Learning from Non-positive Similarity Matrices

In some supervised learning situations, input samples themselves are not provided, but only the similarity between input points can be observed. We can use kernel methods if the similarity matrix is positive semi-definite, but the similarity matrices stemmed from real problems do not necessarily posses positive semi-definiteness. To cope with this problem, we derived a necessary condition of similarity matrices for achieving a better generalization performance and proposed a boosting-type algorithm based on the theory (Neural Computation, 2009).

Learning under Different Distributions

In standard supervised learning, it is commonly assumed that the samples used for training follows the same probability distribution as the test samples. However, this assumption is not always satisfied in practice. For example, when the data generation mechanism is non-stationary, training and test distributions may be different. In such situations, just using training samples as they are does not provide a better generalization performance due to the distribution difference.

We co-organized the NIPS2006 Workshop on this issue and edited a book (Dataset Shift in Machine Learning). Furthermore, we published a monograph on covariate shift adaptation (book: coming soon).

Covariate Shift Adaptation

The situation where the input distribution is different in training and test phases but the functional relation remains unchanged is called the covariate shift. Note that the covariate is the name of the input variable in statistics. A typical example of covariate shift scenarios would be an extrapolation problem where output values at a region with only a few training samples are learned. When active learning is carried out, covariate shift is naturally induced. The problem of covariate shift adaptation is to learn the target function (which is unchanged) given input-output training samples and input-only test samples (The Brain & Neural Networks, 2006, in Japanese), (Image Lab, 2007, in Japanese), (article in a book).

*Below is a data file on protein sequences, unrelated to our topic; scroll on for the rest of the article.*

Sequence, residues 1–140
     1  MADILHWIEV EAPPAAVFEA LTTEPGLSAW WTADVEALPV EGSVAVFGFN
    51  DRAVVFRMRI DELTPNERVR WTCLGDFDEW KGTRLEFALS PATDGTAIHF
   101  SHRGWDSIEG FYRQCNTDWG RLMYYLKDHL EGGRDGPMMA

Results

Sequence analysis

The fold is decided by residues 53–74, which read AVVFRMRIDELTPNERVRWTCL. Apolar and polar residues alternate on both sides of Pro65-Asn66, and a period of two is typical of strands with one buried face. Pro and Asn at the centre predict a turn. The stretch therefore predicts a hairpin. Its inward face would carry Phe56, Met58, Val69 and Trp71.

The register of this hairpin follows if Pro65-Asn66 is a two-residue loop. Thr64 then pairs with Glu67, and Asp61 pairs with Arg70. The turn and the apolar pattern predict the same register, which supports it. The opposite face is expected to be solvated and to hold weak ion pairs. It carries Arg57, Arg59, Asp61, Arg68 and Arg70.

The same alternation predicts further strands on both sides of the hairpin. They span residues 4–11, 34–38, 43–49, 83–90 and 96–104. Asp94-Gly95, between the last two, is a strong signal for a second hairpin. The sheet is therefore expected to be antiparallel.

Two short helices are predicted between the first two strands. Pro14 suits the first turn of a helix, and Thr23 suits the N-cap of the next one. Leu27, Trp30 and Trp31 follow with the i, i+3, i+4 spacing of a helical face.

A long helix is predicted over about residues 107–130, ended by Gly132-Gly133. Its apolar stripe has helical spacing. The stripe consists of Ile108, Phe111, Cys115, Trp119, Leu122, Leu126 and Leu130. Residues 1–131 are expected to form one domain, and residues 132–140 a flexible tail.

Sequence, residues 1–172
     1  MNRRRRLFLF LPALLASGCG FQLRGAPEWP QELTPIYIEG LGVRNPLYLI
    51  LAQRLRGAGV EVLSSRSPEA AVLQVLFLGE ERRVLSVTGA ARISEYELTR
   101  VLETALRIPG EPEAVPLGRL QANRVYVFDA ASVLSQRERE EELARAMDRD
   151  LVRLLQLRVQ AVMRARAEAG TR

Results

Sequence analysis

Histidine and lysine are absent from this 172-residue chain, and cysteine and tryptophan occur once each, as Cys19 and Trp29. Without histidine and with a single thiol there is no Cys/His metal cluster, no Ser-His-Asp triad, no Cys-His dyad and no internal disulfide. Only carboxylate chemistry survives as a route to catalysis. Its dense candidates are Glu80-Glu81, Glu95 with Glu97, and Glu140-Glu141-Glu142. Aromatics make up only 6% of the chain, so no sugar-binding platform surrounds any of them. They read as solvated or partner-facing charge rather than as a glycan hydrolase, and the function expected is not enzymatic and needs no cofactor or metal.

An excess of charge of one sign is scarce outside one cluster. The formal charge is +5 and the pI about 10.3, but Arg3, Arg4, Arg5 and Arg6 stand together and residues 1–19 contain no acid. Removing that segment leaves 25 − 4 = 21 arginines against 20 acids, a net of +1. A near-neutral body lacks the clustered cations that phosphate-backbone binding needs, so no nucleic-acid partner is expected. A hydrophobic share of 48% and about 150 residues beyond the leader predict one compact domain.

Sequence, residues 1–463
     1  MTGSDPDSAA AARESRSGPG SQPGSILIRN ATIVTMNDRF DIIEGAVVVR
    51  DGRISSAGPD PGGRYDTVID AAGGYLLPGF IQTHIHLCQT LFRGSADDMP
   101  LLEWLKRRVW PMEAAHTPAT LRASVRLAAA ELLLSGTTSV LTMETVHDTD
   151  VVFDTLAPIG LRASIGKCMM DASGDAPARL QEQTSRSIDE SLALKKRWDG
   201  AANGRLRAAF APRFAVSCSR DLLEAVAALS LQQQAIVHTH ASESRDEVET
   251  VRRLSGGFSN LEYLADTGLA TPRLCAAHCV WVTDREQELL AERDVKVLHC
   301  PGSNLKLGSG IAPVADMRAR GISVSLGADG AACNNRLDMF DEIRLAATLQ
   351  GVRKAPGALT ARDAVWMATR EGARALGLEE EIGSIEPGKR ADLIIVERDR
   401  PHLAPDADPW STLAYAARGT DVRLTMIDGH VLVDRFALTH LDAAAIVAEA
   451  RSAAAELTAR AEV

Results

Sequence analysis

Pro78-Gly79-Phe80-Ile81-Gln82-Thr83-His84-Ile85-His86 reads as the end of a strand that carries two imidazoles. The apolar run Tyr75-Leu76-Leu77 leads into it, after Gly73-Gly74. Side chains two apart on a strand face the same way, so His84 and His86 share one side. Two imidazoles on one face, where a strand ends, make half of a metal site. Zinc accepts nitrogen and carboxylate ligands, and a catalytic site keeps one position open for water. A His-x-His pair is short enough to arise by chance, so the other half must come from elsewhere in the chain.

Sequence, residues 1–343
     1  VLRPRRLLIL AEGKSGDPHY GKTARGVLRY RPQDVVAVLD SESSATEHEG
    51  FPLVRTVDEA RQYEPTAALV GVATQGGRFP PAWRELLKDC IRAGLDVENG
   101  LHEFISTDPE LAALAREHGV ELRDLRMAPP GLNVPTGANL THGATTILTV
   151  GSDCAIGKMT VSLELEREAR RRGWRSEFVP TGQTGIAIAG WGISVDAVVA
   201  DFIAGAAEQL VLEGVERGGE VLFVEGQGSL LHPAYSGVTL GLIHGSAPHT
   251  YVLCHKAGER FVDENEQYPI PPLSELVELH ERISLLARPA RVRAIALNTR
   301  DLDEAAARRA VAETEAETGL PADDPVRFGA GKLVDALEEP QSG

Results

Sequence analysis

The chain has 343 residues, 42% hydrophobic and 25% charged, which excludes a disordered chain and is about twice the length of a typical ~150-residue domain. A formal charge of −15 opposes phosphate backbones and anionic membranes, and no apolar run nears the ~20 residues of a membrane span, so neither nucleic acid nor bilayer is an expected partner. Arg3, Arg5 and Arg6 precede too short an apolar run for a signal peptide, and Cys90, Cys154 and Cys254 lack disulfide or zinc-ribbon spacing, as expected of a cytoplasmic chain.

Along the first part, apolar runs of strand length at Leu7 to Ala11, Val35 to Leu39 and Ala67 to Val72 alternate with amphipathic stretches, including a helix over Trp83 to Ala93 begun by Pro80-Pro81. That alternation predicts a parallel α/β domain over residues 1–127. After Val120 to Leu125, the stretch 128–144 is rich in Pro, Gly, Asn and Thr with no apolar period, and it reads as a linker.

covariate shift

The unbiasedness of model selection criteria including the subspace information criterion (SIC) is no longer maintained under the covariate shift. To cope with this problem, we proposed an extended SIC called importance weighted SIC (IWSIC) that is still unbiased even under the covariate shift (Statistics & Decisions, 2005).

IWSIC is specialized for the squared loss function, so is not applicable to classification tasks. Cross validation is a standard model selection technique in classification scenarios, but its unbiasedness is lost under the covariate shift. We therefore developed an extended cross validation method called importance weighted cross validation (IWCV) that works desirably in covariate shifted classification tasks (Journal of Machine Learning Research, 2007).

Furthermore, we theoretically elucidated the effect of covariate shift on Baysian inference with singular models (ICML2007).

The effectiveness of covariate shift adaptation methods has been demonstrated in various real-world problems such as brian-computer interface, robot control, speech processing, natural language processing, and computer vision.

For the above series of works on covariate shift adaptation, the IBM Faculty Award is given by in 2007.

Domain Adaptation / Transfer Learning

Domain adaptation / transfer learning deals with the situation where the functional relations also changes between training and test phases in addition to the input distributions. Without any restrictions on the distribution change, the test function is nothing related to the training samples and therefore we may not be able to learn anything about the test function from the training samples. Thus, in order to make a meaningful discussion, we need a reasonable restriction on the distribution change.